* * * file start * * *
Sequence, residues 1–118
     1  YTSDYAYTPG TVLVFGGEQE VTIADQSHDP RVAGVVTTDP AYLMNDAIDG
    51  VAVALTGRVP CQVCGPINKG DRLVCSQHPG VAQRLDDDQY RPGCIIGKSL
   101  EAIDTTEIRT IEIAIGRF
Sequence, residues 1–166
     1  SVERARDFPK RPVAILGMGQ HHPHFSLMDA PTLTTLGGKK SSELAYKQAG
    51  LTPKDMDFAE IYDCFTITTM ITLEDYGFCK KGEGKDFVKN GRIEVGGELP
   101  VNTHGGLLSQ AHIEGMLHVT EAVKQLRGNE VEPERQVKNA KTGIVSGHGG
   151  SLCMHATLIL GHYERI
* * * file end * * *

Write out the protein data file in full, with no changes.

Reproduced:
Sequence, residues 1–118
     1  YTSDYAYTPG TVLVFGGEQE VTIADQSHDP RVAGVVTTDP AYLMNDAIDG
    51  VAVALTGRVP CQVCGPINKG DRLVCSQHPG VAQRLDDDQY RPGCIIGKSL
   101  EAIDTTEIRT IEIAIGRF
Sequence, residues 1–166
     1  SVERARDFPK RPVAILGMGQ HHPHFSLMDA PTLTTLGGKK SSELAYKQAG
    51  LTPKDMDFAE IYDCFTITTM ITLEDYGFCK KGEGKDFVKN GRIEVGGELP
   101  VNTHGGLLSQ AHIEGMLHVT EAVKQLRGNE VEPERQVKNA KTGIVSGHGG
   151  SLCMHATLIL GHYERI